To walk through the door was to enter a world that you’d find it very hard to find in the hipster fleshpots of the Marais or République. I suspected it would turn out to be an excellent lunch when the maitre d’ turned round sporting a burgundy shirt matched with a diagonally striped grey silk tie of which Doug Mountjoy in his pomp (c. 1978) would have been proud.

iu-1.jpeg

Doug Mountjoy. Welsh legend.

We were shown to a table beneath a kitsch version of a Dutch still life of fruits de mer and various other foods. Dotted around the room were portraits of legends of French chanson and film (Jonny Hallyday’s look was particularly fierce, he seemed to be giving me the gimlet the whole meal through) and the odd transatlantic icon, such as Bob Marley smoking a joint, thrown in for good measure.

A set menu was on offer, €32 for two courses and €41 for three, wine included. Bargain, especially as an apéritif of something pink and fizzy was part of the deal. The food was classic French stuff, making no concession to the past 40 years of culinary fashion and none the worse for that. With the apéro we munched on toast and pâté de maison and considered.

I went for a starter of beef cheek, always a favourite. A generous amount of cheek paired with a lentil salad and carrots. All good, apart from the carrots which were overly salted for my taste. A full-bodied 2009 Gaillac helped that down admirably and proved to be a more than adequate match for a main of rabbit and pasta. Did we want dessert? Yes, but we also wanted to be able to walk the half an hour to the Château de Vincennes so we just had a coffee instead.

So the food was good but the real joy of the room was the people watching. Our waiter, not a young man, had a plaited rat-tail beard of the kind found on superannuated trustafarians yet to reintegrate back into civvy street. Across the way a party of eight or so retirees consumed their lunches while arguing vociferously about politics. And to our left a lone lady of a certain age with improbably jet black hair demolished a bottle of rosé in single combat.

A bill of €70 was a bargain and the reason why I’ll never go back to the Bistrot de la Porte Dorée is that some memories are too good to disturb with fresh layers of experience. But that doesn’t mean you shouldn’t go, you should.

9/10

#food #Paris

To see which other restaurants I’ve visited in 2016-18 check out my GoogleMap

Resto 6 La Petite Porte, Paris

February 28, 2018

Arrival in Paris was delayed by snow so we had to be satisfied with a planche and beers adjacent to the theatre. La Petite Porte was right next door so we plumped for that.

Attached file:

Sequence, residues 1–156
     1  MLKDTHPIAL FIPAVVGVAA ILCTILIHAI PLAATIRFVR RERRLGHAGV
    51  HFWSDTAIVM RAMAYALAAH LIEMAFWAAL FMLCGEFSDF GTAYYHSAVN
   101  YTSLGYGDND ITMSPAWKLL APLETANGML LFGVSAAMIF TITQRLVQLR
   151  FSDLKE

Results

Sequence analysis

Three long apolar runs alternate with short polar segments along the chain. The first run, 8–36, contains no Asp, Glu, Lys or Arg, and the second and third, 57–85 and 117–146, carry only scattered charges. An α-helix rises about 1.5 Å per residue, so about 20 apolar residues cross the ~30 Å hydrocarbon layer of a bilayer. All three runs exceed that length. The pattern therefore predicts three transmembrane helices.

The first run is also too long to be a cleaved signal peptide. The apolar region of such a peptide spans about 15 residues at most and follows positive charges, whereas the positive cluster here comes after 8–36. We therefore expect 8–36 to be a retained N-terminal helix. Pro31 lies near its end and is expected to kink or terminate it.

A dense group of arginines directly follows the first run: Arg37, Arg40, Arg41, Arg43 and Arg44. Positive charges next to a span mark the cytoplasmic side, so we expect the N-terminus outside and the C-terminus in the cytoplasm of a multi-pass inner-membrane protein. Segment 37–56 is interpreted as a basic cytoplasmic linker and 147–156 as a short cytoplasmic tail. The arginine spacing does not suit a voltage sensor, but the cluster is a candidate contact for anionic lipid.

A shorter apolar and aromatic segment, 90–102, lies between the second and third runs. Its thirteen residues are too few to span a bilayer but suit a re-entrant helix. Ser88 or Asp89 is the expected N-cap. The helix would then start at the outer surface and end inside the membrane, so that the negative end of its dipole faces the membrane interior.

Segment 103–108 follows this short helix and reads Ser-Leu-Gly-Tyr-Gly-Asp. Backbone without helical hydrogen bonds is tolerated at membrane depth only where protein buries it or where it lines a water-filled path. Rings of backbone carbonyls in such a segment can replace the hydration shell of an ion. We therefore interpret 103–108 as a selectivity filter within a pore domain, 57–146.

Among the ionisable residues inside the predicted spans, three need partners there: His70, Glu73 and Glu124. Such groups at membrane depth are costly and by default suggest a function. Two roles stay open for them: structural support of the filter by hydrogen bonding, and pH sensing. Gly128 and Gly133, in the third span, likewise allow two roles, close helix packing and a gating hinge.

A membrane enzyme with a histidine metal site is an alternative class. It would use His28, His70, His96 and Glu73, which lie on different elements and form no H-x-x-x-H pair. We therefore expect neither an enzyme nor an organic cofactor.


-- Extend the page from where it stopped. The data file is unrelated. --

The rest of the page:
Good call. The bar we had been in while cheap (€3.50 a pint in happy hour) was colder than Vladimir Putin’s eyes. La PP on the other hand was warm in both welcome and ambience. We slipped into a table at the back and didn’t even look at the menu. We wanted planche (it was after all the only thing on offer) and we wanted white wine.

We took a bottle from the Languedoc that was noticeably good. The planche was a superior product with 5 cheeses (stinky, blue, goaty, creamy and crunchy in case you were wondering) and plenty of meat. Bread was hacked before our very eyes and was yum double yum if you’d not eaten for several hours. My one quibble is that the planche was undervegged, I like a bit of greenery whether it’s cornichons or rabbit food.

The room filled rapidly and by the time we left it was a squeeze to get out the door. Young went elbow to elbow with the more mature and everything was very convivial. La Petite is highly recommended.

8/10

#food #paris

To see which other restaurants I’ve visited in 2016-18 check out my GoogleMap

Resto 5 Middeys, Crouch End

February 25, 2018
IMG_1829

Middeys. Or should it be Middey’s? You be the judge.

Saturday morning was set for a Frühschoppen with a visiting Frankfurter so we met in Crouch End at 11 o’clock. Could we find a pub that was open? No we couldn’t. Since the demise of Wetherspoon’s the Broadway has definitively rid itself of working class drinking culture and breakfast beers are off the menu. So we turned to Middeys and a second helping of breakfast to supply the required helping of whoopee soup.

I’ve never been in any of the various incarnation of food outlet in the old ‘lectric board showroom (apparently they’re a source of constant heated debate on the Crouch End Appreciation Zzzzzzocietyzzzzzzzzzzzzzzzzzzzz Fazbook page) so this was a new experience for me. A nice big, bright room is what you get – filled on a Saturday morning with the usual CE suspects. But that’s not a bad thing, although it does limit one’s liberty of expression somewhat when you’re surrounded by pre-teens and grandparents.